Improving speech in individuals with Parkinson’s disease


Learn more about the scientific bases of LSVT LOUD! The evidence provided by this 1995 study formed the foundation for the next 20 years of our research in speech treatment for Parkinson disease.

Comparison of Two Forms of Intensive Speech Treatment for Parkinson Disease. Authors: Lorraine Olson Ramig, Stefanie Countryman, Laetitia L. Thompson, Yoshiyuki Horii.  Journal of Speech Language and Hearing Research, December 1995, American Speech-Language-Hearing Association (ASHA) DOI: 10.1044/jshr.3806.1232

Photo by Jaddy Liu on

What is it about?

Nearly 90% of individuals with Parkinson disease (PD) will develop speech disorders that often diminish quality of life. One of the earliest and most common problems is reduced vocal loudness which makes individuals difficult to hear and understand. This was the first speech research to compare two forms of intensive speech treatment specifically designed to improve reduced vocal loudness in PD: 1) one treatment focused on improving respiratory support for speech and 2) the other focused on improving voice. Forty-five individuals with PD participated in 16 sessions of treatment in one month. Greater improvements were measured for individuals who participated in the treatment focusing on voice.

Why is it important?

This study provided the first evidence that intensive speech treatment focusing on voice could make significant improvements in speech in PD. Furthermore, this study was the first to implement a randomized control trial (RCT) design (the gold standard of evidence) to address a critical and challenging problem for the PD community. In addition to the measures of speech and voice, patient and family reports were positive as demonstrated in the video provided below (See Related Content: Pre and post speech therapy video).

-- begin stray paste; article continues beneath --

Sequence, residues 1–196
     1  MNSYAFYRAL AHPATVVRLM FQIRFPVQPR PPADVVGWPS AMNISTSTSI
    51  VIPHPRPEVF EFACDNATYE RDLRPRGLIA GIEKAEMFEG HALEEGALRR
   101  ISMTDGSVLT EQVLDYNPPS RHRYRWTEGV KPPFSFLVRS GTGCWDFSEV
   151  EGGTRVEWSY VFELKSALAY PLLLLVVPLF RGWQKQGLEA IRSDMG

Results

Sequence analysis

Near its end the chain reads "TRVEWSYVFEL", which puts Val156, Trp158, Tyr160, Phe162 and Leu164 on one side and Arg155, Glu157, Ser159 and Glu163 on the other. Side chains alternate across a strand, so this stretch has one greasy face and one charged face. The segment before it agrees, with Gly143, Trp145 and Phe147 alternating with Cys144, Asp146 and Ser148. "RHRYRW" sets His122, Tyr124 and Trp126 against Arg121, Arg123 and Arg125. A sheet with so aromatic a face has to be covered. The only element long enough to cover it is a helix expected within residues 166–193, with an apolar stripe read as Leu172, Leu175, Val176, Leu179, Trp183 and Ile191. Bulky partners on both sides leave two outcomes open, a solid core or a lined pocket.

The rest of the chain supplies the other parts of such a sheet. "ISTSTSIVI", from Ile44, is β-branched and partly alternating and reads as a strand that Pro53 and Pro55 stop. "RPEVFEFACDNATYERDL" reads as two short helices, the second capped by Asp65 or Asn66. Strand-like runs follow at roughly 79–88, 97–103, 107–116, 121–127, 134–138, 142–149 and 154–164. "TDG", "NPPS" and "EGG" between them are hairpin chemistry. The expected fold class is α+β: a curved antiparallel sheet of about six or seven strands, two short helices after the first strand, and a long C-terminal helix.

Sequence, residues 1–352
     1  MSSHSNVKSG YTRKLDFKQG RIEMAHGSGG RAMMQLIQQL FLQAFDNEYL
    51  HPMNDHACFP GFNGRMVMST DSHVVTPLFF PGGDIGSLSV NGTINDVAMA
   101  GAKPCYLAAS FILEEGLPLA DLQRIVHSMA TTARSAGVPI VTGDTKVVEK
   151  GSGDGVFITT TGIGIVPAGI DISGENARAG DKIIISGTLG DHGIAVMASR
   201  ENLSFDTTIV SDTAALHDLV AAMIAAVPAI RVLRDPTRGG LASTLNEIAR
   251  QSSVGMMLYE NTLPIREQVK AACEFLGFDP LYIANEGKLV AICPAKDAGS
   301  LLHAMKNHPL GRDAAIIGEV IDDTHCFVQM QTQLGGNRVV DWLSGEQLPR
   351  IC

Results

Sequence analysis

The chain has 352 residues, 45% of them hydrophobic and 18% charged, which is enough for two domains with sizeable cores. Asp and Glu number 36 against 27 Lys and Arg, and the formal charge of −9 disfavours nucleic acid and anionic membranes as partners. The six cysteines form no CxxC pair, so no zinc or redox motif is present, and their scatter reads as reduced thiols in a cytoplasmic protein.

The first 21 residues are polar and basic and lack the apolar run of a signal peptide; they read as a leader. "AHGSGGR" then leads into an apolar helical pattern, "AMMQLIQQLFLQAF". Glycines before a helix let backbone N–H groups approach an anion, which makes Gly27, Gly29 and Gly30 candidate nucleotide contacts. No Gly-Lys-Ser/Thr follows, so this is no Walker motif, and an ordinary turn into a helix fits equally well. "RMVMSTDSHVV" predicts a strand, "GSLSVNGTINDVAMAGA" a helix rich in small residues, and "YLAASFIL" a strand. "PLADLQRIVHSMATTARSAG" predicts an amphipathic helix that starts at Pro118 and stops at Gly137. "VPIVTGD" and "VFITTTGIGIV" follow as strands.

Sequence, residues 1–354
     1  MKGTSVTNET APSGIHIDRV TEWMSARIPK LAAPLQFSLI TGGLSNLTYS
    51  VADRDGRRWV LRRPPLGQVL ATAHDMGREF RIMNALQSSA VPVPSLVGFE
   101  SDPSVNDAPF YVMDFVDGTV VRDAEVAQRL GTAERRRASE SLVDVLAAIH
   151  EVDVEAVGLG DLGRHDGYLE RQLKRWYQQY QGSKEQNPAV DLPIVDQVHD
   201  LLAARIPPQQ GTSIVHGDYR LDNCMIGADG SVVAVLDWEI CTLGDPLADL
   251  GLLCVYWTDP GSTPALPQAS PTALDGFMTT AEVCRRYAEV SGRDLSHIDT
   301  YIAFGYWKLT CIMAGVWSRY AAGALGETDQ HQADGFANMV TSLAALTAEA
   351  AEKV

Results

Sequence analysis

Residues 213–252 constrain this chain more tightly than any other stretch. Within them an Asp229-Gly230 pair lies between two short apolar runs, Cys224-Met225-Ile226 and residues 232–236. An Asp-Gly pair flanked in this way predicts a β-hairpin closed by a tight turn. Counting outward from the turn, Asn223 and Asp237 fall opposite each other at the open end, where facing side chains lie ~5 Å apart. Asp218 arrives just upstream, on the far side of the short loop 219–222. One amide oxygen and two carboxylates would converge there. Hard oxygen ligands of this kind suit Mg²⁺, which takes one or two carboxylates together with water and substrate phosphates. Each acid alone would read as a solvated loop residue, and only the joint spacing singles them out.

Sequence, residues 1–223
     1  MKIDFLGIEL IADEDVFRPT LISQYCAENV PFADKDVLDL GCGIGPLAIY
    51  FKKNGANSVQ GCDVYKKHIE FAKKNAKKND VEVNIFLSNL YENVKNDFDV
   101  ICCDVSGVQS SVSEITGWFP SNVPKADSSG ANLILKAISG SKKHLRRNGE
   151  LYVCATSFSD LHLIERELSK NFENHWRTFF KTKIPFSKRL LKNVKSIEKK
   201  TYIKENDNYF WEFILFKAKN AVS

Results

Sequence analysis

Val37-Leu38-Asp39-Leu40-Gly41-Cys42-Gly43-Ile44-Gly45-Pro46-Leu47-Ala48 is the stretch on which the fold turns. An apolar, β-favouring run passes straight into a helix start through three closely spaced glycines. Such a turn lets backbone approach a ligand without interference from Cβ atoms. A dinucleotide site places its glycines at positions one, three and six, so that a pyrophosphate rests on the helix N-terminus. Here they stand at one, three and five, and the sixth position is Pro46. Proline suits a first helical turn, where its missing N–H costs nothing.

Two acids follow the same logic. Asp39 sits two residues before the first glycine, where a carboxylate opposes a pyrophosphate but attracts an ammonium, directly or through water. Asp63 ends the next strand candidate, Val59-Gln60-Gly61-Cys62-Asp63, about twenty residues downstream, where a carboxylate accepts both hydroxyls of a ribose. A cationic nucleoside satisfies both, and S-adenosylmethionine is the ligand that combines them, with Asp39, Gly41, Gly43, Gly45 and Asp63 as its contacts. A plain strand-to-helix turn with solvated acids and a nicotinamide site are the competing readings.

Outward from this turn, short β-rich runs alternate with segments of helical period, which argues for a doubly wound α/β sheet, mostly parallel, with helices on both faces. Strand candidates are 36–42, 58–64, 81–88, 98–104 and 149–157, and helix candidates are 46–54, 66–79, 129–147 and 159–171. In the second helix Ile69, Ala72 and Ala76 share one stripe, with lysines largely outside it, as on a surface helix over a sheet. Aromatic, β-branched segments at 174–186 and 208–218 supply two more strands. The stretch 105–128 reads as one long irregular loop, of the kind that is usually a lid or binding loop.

The evidence provided by this study formed the foundation for the next 20 years of our research in speech treatment for Parkinson disease. Based on the outcomes of this study, we went on to follow and report on this group of patients at one year (See Resources: LSVT one year) and two years (See Resources: LSVT two years) after treatment. Two years after one month of treatment, individuals with PD who received treatment focusing on voice in this initial study maintained their significant treatment outcomes. This is the first long-term evidence for efficacious speech treatment for PD. Through these studies, we learned many lessons about speech in PD and the underlying bases for the speech disorder in PD. Those lessons have helped us evolve the voice treatment (which is now known as LSVT LOUD) which is being delivered by 16,000 clinicians in over 60 countries and is supported by two additional RCTs (See Related Content: 2001 & 2018).

LSVT One Year purpose of this study was to evaluate the long-term (12 months) effects of two forms of speech treatment on the speech and voice deficits that occur in Parkinson’s disease. Thirty-five patients with idiopathic Parkinson’s disease were assigned to one of two speech treatment groups: voice and respiration (The Lee Silverman Voice Treatment [LSVT]) or placebo (respiration) treatment. Vocal intensity data from before, immediately after, and at 6 and 12 months after speech treatment revealed statistically significant differences between the treatment groups. Only subjects in the LSVT group improved or maintained vocal intensity above pretreatment levels by 12 months after treatment. The placebo group had statistically significant deterioration of vocal intensity levels from before to 12 months after treatment during conversational monologue. The LSVT group did not deteriorate to levels below pretreatment in vocal intensity over the 12-month period. This study is the first to document the short- and long-term effects of intensive speech treatment (LSVT), which focuses on the voice, for patients with Parkinson’s disease compared with a placebo speech treatment group.

Read Full Publication Here

LSVT Year Two

OBJECTIVES: To assess long term (24 months) effects of the Lee Silverman voice treatment (LSVT®), a method designed to improve vocal function in patients with Parkinson’s disease.